Releases & Health
A release is a version of your code that is deployed to an environment. When you give Sentry information about your releases, you can:
- Determine issues and regressions introduced in a new release
- Predict which commit caused an issue and who is likely responsible
- Resolve issues by including the issue number in your commit message
- Receive email notifications when your code gets deployed
Include a release ID (often called a "version") when you configure your client SDK.
The release name cannot:
- contain newlines, tabulator characters, forward slashes(
/) or back slashes(
- be (in their entirety) period (
.), double period (
..), or space (
- exceed 200 characters
The value can be arbitrary, but we recommend either of these naming strategies:
- Semantic Versioning:
packageis the unique identifier of the project/app (
versionis the semver-like structure
buildis the number that identifies an iteration of your app (
- Commit SHA: If you use a DVCS, we recommend using the identifying hash (for example, the commit SHA,
da39a3ee5e6b4b0d3255bfef95601890afd80709). You can let Sentry CLI automatically determine this hash for supported version control systems with
sentry-cli releases propose-version.
Releases are global per organization; prefix them with something project-specific for easy differentiation.
using Sentry; // Add this to the SDK initialization callback options.Release = "email@example.com";
The SDK attempts to locate the release to add to events sent to Sentry.
The SDK will first look at the entry assembly's
AssemblyInformationalVersionAttribute, which accepts a string as
value and is often used to set a GIT commit hash.
If that returns null, it'll look at the default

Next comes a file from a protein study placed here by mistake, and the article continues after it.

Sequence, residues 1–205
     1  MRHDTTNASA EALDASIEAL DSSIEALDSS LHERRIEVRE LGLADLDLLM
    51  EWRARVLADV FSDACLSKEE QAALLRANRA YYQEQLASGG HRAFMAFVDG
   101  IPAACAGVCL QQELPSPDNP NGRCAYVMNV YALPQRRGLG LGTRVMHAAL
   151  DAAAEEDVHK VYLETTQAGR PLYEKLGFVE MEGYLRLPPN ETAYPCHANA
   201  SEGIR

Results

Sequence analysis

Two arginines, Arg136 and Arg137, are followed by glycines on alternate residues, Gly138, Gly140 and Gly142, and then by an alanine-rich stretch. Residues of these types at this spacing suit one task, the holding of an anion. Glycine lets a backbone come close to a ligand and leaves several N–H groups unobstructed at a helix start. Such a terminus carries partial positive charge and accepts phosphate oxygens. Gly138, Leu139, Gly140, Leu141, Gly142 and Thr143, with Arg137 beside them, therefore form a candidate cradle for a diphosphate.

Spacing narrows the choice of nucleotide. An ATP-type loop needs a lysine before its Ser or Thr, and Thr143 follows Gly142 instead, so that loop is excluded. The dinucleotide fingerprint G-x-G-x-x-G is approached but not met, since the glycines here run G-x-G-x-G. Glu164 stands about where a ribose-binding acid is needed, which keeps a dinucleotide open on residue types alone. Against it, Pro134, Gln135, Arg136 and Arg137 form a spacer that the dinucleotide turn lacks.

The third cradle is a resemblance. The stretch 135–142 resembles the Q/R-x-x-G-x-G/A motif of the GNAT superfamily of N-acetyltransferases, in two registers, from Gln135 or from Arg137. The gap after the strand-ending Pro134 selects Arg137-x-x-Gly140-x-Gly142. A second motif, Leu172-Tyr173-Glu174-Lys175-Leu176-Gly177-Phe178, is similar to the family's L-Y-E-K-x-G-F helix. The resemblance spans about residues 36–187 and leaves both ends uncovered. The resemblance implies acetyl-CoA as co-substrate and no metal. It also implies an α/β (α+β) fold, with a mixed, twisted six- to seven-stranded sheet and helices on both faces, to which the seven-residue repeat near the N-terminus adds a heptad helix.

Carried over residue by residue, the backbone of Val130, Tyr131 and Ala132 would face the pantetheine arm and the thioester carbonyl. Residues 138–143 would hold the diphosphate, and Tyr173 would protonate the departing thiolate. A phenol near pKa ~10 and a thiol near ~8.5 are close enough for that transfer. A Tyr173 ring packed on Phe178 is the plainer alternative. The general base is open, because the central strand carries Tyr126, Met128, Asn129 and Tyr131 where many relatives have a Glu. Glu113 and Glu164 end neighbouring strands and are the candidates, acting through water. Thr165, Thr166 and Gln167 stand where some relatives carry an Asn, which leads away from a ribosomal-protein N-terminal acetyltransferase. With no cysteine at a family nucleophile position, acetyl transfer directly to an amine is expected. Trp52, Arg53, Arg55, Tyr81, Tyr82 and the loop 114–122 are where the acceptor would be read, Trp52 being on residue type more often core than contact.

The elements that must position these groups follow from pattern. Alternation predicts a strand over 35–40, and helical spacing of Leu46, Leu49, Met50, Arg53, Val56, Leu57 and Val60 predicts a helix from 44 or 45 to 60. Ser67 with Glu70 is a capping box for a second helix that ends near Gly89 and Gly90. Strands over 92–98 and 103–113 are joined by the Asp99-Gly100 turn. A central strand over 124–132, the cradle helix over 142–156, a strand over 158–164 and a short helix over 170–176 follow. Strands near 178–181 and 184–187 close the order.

AssemblyVersionAttribute which accepts the numeric version number. When creating a project with Visual Studio, the value is set to 18.104.22.168.
Since that usually means that the version is either not being set, or is set via a different method. The automatic version detection will disregard this value and no Release will be reported automatically.
How you make the version available to your code is up to you. For example, you could use an environment variable that is set during the build process.
This tags each event with the release value. We recommend that you tell Sentry about a new release before deploying it, as this will unlock a few more features as discussed in our documentation about releases. But if you don’t, Sentry will automatically create a release entity in the system the first time it sees an event with that release ID.
After configuring your SDK, you can install a repository integration or manually supply Sentry with your own commit metadata. Read our documentation about setting up releases for further information about integrations, associating commits, and telling Sentry when deploying releases.
Monitor the health of releases by observing user adoption, usage of the application, percentage of crashes, and session data. Release health will provide insight into the impact of crashes and bugs as it relates to user experience, and reveal trends with each new issue through the release details, graphs, and filters.
The SDK will automatically manage the start and end of the sessions when the SDK is initialized.
We mark the session as:
- Errored: if the SDK captures an event that contains an exception (this includes manually captured errors).
By default, the .NET SDK is creating a session on application startup and end it on shut down. To disable sending sessions, set the
AutoSessionTracking flag to
using Sentry; // Add this to the SDK initialization callback options.AutoSessionTracking = false; // default: true